Acadia was holding group sessions with up to 33 patients in a space the size of a living room.
Blair says, "These programs have tripled in size in 2011."
Such a dramatic increase could only mean one thing.
"We needed extra space for them of course," says Blair.
Acadia found that space relatively close by.
Blair says, "It was a doctor's office prior."
Acadia tore down walls, repainted, and revamped the place to create the new center of the hospital's outpatient program, known as Transitions.
"With this expansion, we have been able to do two separate programs to really focus on what the patients needs are," Blair explains.
Some of those needs call for community awareness programs, which Acadia will now be able to provide.
Once opened, Transitions will serve as the hub for various behavioral health and chemical dependency support groups across the Big Country.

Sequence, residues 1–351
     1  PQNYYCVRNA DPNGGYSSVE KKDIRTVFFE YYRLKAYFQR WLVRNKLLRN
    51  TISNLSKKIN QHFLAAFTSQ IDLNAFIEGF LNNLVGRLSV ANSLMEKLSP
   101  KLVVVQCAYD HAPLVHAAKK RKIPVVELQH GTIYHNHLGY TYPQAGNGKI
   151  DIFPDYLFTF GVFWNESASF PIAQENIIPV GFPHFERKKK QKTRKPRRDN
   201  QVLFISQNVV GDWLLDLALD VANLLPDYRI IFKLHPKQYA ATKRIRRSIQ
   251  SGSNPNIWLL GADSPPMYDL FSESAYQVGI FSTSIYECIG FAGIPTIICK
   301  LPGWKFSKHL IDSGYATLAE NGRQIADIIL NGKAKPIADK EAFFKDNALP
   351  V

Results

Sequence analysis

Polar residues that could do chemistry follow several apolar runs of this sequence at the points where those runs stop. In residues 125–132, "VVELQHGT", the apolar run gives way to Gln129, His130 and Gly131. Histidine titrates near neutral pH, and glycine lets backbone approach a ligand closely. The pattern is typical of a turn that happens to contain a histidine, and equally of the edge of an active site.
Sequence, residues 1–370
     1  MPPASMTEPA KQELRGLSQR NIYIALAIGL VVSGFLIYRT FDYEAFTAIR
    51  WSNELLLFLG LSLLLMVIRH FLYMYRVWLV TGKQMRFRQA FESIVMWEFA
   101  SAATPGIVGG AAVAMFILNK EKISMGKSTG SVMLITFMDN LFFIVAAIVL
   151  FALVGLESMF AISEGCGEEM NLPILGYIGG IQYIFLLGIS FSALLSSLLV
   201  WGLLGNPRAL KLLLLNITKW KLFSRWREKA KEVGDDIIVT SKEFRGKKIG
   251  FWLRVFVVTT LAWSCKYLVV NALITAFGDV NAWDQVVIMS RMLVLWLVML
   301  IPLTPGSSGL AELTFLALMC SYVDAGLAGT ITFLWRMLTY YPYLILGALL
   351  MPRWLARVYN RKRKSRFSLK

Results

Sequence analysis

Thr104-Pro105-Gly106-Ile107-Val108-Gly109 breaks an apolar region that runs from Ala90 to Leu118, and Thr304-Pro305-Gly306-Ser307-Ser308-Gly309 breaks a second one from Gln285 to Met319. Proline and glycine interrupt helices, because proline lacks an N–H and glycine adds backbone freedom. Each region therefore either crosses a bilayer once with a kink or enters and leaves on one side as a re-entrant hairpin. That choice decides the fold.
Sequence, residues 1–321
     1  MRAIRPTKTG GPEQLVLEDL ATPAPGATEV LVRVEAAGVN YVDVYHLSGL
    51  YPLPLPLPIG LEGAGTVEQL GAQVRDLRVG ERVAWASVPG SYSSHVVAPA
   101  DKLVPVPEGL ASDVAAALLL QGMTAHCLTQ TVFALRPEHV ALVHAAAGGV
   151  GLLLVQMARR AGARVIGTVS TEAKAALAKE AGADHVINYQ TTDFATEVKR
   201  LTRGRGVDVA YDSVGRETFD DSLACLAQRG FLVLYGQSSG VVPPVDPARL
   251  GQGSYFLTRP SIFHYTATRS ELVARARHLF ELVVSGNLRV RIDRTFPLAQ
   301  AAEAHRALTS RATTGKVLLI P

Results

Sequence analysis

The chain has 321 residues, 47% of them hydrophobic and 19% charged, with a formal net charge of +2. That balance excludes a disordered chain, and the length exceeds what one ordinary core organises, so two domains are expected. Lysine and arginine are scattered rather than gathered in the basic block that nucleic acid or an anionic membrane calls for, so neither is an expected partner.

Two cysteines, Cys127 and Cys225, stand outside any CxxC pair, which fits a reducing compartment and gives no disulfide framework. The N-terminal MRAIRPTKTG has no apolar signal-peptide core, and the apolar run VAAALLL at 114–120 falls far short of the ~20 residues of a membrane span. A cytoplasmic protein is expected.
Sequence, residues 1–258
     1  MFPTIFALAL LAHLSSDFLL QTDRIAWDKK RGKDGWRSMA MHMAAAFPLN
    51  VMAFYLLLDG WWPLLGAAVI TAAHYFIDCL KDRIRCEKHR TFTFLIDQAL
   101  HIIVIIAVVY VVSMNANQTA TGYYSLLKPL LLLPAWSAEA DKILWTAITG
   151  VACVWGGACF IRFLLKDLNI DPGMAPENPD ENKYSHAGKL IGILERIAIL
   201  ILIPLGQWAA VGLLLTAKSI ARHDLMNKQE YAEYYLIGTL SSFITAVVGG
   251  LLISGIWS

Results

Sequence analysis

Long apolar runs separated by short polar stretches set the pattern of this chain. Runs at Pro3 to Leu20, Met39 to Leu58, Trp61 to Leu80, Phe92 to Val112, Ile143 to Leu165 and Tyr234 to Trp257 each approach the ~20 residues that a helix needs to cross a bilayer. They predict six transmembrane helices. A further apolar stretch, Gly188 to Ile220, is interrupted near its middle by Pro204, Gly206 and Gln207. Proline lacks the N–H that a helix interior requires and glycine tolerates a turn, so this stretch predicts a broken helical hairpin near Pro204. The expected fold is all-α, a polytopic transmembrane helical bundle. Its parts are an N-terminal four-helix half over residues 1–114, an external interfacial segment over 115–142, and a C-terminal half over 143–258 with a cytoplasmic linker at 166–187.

Blair explains, "We're going to be doing A.A. and N.A. at night as well as we are teaming up with Advocates of Abilene and the mental health association to provide support groups at night."
Looking toward the future, the director has high expectations of where Transitions will be.
"We have three group rooms. I'm hoping to have support groups every night of the week and as many as we can get in our space. I'm just hoping it continues to grow so we can serve more of the Big Country," says Blair.